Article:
Chapter 22 Quotes

As time went on, and the months and years came and went, [Wilbur] was never without friends. Fern did not come regularly to the barn any more. She was growing up, and was careful to avoid childish things, like sitting on a milk stool near a pigpen. But Charlotte’s children and grandchildren and great grandchildren, year after year, lived in the doorway. Each spring there were new little spiders hatching out to take the place of the old. Most of them sailed away, on their balloons. But always two or three stayed and set up housekeeping in the doorway.

Mr. Zuckerman took fine care of Wilbur all the rest of his days, and the pig was often visited by friends and admirers, for nobody ever forgot the year of his triumph and the miracle of the web. Life in the barn was very good—night and day, winter and summer, spring and fall, dull days and bright days. It was the best place to be, thought Wilbur, this warm delicious cellar, with the garrulous geese, the changing seasons, the heat of the sun, the passage of swallows, the nearness of rats, the sameness of sheep, the love of spiders, the smell of manure, and the glory of everything. Wilbur never forgot Charlotte. Although he loved her children and grandchildren dearly, none of the new spiders ever quite took her place in his heart. She was in a class by herself. It is not often that someone comes along who is a true friend and a good writer. Charlotte was both.

Page Number: 183-184
Explanation and Analysis:
Get the entire Charlotte’s Web LitChart as a printable PDF.
Charlotte’s Web PDF

Wilbur Character Timeline in Charlotte’s Web

The timeline below shows where the character Wilbur appears in Charlotte’s Web. The colored dots and icons indicate which themes are associated with that appearance.
Chapter 1: Before Breakfast
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...pig that she hardly notices anyone or anything else. She decides to name the pig Wilbur—“the most beautiful name she [can] think of”—and daydreams about what life with him will be... (full context)
Chapter 2: Wilbur
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Over the next few weeks, Fern dotes on Wilbur and shows him love, devotion, and attention. She feeds him before she eats at each... (full context)
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The happy days roll past quickly, and soon Wilbur is five weeks old. Summer is coming, and Wilbur has grown large. Mr. Arable has... (full context)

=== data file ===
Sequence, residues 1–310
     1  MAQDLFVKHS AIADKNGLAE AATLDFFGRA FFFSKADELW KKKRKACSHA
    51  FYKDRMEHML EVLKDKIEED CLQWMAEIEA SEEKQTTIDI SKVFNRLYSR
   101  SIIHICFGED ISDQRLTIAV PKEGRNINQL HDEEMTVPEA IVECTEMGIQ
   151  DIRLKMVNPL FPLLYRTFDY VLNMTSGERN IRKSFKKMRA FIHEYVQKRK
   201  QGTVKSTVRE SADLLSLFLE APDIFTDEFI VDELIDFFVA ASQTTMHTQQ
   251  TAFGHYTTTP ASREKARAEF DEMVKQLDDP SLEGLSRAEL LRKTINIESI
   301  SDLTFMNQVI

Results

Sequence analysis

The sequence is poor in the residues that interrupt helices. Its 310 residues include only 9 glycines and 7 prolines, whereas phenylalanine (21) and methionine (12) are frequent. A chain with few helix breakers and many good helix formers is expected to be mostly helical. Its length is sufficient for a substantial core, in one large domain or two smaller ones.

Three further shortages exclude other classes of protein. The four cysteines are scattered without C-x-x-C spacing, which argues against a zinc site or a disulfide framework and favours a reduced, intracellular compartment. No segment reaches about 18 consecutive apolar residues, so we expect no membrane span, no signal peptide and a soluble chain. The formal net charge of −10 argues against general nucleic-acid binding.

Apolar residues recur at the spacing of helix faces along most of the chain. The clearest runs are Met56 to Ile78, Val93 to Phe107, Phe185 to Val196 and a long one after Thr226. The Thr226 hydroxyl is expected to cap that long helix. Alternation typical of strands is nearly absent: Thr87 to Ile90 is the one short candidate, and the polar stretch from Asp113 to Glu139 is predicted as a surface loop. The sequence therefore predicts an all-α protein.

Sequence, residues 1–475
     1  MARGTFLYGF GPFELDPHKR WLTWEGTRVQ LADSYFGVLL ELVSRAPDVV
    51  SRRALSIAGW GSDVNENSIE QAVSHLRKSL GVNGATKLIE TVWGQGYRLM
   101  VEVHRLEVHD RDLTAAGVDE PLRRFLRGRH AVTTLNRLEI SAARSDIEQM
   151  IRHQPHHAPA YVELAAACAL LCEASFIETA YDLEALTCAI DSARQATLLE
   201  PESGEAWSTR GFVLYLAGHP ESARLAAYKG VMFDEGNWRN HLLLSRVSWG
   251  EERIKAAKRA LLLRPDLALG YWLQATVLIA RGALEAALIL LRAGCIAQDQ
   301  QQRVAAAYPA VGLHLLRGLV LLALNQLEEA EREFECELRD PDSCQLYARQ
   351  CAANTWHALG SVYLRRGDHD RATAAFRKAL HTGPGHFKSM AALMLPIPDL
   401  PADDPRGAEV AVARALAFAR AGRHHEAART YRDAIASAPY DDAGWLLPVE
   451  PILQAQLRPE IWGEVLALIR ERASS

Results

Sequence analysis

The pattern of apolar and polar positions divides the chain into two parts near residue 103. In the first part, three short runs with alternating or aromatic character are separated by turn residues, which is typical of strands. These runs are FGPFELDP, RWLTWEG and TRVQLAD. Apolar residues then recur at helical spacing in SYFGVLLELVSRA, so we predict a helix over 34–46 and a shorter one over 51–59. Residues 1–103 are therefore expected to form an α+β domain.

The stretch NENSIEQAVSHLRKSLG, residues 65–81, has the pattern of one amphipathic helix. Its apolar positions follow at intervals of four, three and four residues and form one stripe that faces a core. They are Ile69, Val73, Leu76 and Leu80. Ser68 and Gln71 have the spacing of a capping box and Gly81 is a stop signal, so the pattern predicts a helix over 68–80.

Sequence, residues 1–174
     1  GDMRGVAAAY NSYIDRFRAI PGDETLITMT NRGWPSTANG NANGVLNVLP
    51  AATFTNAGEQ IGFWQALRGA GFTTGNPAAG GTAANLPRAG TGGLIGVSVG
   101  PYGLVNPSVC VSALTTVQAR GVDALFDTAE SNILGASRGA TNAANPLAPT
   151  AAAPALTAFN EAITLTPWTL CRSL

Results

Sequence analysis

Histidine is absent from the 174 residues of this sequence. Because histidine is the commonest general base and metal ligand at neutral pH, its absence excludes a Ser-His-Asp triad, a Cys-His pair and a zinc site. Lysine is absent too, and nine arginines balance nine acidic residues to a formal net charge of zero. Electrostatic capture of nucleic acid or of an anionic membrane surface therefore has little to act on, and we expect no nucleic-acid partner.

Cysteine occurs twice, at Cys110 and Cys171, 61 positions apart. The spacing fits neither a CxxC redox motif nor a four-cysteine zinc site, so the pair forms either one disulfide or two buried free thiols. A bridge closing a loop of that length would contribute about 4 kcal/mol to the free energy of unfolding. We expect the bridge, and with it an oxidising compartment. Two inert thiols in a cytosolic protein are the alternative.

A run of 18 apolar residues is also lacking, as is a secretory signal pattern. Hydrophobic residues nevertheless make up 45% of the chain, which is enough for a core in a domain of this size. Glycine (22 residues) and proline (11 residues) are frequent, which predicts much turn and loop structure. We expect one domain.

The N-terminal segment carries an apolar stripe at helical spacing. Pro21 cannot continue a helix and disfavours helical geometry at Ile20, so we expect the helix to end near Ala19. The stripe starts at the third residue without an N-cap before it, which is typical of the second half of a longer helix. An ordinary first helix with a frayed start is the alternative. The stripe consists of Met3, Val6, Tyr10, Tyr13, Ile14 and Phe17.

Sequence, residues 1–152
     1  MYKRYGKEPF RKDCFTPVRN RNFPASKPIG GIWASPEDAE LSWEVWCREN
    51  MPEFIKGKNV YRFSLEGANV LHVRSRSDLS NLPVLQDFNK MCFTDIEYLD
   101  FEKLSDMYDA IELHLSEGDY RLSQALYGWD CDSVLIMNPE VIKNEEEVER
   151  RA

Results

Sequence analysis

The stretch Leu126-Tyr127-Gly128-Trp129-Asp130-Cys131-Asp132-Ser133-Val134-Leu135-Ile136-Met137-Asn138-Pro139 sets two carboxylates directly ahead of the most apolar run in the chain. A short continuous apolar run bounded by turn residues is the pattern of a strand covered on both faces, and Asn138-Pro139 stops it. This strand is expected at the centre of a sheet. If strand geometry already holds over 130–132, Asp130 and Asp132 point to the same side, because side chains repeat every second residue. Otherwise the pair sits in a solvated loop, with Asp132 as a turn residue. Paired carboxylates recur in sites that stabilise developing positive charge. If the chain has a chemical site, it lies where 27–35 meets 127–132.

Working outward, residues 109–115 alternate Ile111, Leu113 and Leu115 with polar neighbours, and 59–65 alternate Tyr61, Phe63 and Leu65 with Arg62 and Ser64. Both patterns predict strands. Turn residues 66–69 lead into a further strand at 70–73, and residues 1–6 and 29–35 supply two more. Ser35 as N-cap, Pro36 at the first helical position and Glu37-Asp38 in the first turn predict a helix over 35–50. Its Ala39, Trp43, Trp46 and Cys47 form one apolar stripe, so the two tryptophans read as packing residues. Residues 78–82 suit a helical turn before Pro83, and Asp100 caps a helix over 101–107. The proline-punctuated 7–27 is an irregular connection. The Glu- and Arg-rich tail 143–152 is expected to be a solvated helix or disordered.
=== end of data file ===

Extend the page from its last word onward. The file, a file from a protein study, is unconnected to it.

Chapter 3: Escape
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Wilbur’s new home in the Zuckermans’ barn is sweet-smelling and roomy. Wilbur lives in the lower... (full context)
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...in June, Fern does not arrive on time for her visit. The bored and confused Wilbur walks out to the small yard outside the barn, complaining about how there’s “never anything... (full context)
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Soon, Edith notices that Wilbur has gotten out and calls for Lurvy, the hired man, to go and catch Wilbur.... (full context)
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As Wilbur eats his snack, Lurvy and Edith repair the loose board in the pen and comment... (full context)
Chapter 4: Loneliness
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The next day is dark, rainy, and gloomy, and Wilbur’s whole routine for the day—breakfast, talking with Templeton the rat, napping outdoors in the sun,... (full context)
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Wilbur asks the goose to play with him, but she insists she needs to sit on... (full context)
Chapter 5: Charlotte
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The night is long and passes fitfully. Wilbur keeps waking up at every tiny sound, anticipating the morning and the chance to greet... (full context)
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After eating, Wilbur settles back down for a morning nap—just then, the mysterious voice greets him once again... (full context)
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Charlotte begins wrapping up a fly that’s gotten caught in her web, and explains to Wilbur, step by step, the process through which she catches and consumes her prey. As Charlotte... (full context)
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...goose overhears this conversation and thinks to herself what an innocent and naïve little pig Wilbur is. He doesn’t even know, the goose thinks to herself, that “Mr. Zuckerman and Lurvy... (full context)
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As Charlotte eats the fly, Wilbur lies down and closes his eyes. He thinks about how though he has at last... (full context)
Chapter 6: Summer Days
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...Fern visits the barn almost every day to sit quietly on her stool and watch Wilbur—all the animals at the Zuckermans’ treat her “as an equal.” Fern and Avery often help... (full context)
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...take good care of the egg, and as he stores it in his hidey-hole beneath Wilbur’s trough, the other barn animals coo and fuss over the baby goslings. (full context)
Chapter 7: Bad News
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Wilbur and Charlotte grow closer each day. He even learns to appreciate her diet, as it... (full context)